It doesn’t take heavy exercise and cardio in order to burn calories. Indeed, any sort of activity (even going up and down stairs), burns calories. When I saw the thousands of calories I burned every day, I was skeptical at first. You do burn calories while sleeping, but not nearly as much during exercise. However, seeing hundreds of calories burned while I was sleeping just didn’t make sense. That’s why I considered the calorie tracker to be just as off as the step counter.
When conducting lifting or cardio exercises, I set the Ionic to that specific workout. The Ionic takes into account or age, weight, and heart rate in order to guestimate your calorie burn. These specific trackers on specific exercises seemed much more accurate. It made more sense considering the exercises I do around six days out of the week.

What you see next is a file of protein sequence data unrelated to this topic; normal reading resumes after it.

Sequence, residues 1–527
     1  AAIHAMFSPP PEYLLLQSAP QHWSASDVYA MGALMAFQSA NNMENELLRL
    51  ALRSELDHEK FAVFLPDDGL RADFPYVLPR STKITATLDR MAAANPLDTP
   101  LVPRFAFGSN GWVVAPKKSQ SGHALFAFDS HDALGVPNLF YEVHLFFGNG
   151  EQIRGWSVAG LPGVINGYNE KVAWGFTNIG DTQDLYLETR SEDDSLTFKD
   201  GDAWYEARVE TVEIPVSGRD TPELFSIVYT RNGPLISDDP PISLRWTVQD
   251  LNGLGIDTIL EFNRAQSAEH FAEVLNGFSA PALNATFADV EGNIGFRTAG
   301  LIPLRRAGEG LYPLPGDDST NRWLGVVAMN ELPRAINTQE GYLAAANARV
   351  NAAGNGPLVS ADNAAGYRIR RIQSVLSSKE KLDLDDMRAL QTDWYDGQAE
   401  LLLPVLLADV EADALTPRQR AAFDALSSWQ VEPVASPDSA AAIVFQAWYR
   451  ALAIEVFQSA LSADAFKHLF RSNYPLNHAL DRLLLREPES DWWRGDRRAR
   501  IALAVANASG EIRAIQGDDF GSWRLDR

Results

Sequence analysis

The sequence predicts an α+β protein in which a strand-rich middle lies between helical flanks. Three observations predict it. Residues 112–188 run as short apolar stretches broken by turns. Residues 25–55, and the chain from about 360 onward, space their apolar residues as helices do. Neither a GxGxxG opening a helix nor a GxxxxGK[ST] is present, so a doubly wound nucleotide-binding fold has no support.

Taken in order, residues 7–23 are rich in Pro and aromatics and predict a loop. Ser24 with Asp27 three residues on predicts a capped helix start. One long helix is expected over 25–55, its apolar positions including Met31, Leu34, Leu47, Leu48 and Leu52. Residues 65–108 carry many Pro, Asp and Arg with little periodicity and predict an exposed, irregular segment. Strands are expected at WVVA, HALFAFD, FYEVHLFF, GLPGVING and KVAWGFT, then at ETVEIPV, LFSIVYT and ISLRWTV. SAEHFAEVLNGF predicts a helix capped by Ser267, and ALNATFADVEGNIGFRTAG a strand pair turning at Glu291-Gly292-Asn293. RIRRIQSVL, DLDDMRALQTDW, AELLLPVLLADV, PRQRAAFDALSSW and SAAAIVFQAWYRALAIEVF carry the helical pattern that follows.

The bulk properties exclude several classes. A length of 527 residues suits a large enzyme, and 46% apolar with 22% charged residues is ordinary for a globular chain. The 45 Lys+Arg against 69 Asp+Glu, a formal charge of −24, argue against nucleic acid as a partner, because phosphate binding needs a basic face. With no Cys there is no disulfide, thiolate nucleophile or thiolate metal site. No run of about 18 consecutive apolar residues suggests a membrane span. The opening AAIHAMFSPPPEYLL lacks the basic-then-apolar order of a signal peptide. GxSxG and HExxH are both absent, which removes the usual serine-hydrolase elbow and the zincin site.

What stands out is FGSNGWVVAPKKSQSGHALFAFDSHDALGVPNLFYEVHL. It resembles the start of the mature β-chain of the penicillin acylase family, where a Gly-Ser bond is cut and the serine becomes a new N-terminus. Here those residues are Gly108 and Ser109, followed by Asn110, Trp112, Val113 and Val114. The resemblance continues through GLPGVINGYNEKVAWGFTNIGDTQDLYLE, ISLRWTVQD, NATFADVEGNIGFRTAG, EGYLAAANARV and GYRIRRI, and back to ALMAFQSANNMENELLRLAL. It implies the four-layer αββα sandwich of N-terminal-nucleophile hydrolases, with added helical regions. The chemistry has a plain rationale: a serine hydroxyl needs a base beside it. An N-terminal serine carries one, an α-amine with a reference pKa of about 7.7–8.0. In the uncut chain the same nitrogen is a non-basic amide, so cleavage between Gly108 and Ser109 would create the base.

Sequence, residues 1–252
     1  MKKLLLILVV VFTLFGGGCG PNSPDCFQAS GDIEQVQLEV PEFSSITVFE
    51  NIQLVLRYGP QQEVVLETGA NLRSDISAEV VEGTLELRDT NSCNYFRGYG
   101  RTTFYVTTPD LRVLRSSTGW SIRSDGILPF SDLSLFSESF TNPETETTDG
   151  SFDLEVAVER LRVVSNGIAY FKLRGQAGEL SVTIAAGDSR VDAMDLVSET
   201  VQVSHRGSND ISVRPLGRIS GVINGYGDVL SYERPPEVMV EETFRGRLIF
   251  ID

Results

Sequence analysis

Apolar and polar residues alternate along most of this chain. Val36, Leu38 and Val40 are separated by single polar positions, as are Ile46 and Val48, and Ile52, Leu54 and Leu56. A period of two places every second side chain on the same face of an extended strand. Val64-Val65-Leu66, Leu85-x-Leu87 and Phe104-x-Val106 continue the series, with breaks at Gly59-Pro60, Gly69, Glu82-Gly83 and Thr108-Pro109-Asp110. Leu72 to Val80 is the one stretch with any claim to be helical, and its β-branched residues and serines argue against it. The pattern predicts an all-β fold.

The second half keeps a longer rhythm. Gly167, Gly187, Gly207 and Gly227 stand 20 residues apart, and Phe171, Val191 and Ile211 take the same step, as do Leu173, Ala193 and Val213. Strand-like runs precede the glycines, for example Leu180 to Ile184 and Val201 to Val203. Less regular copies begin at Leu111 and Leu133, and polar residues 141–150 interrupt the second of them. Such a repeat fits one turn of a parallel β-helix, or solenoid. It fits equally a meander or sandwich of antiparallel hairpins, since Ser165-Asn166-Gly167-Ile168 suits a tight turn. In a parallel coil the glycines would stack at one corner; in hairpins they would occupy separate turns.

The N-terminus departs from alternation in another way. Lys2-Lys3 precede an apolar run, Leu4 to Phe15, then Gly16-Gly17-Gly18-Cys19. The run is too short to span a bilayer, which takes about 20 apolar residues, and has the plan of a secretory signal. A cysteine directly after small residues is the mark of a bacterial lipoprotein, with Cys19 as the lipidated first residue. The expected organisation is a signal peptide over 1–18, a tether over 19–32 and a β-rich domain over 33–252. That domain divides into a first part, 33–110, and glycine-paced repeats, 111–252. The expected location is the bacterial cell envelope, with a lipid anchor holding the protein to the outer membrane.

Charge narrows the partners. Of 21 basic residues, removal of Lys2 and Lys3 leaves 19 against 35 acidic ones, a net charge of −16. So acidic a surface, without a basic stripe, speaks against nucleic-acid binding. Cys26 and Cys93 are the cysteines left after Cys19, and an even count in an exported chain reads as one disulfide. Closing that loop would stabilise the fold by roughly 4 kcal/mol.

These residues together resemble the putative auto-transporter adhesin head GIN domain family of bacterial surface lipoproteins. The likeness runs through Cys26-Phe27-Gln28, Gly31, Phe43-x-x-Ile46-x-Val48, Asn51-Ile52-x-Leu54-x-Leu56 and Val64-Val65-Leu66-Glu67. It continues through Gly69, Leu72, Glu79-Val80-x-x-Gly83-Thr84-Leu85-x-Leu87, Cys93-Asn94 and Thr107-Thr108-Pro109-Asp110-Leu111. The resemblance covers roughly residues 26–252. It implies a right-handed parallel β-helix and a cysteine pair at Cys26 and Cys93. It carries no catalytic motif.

Like I mentioned before, burning a couple thousand calories over the course of a day isn’t actually isn’t too difficult if you’re routinely active.
I’m not a fitness tracker geek, so again I don’t know exactly how the Ionic tracks your sleep. Compared to the inconsistencies of the step counter, the sleep tracker is a huge improvement in terms of accuracy. I made a habit of checking the times I went to bed and when I first opened my eyes the next morning. To my surprise, the Ionic was pretty close in tracking when I fell asleep to when I woke up.
I admit that I’m not the best in sticking to a strict sleep schedule. Once I saw my crazy sleep schedule in data form, however, I paused and thought about my morning energy levels. I’d always known that getting 4-5 hours of sleep on random weekdays was going to affect my performance (but I did it anyway). Seeing the data in that form really made me wonder if that’s the way I really wanted to wake up each morning-having to snooze every alarm and even barely make it to work on time.
I am now making an effort to be in bed at hours that work for me and make my metrics consistent. A consistent schedule, a healthy diet, and exercise are just some of the combined factors that will make mornings easier to handle. Having a consistent schedule appear on the Fitbit app also makes me happy.